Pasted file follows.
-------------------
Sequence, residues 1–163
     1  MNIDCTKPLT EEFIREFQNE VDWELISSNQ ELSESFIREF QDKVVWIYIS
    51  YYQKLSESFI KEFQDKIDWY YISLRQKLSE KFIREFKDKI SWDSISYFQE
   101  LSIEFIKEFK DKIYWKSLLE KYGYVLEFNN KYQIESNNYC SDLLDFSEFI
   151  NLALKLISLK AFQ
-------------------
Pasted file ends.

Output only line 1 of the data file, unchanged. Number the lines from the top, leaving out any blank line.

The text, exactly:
Sequence, residues 1–163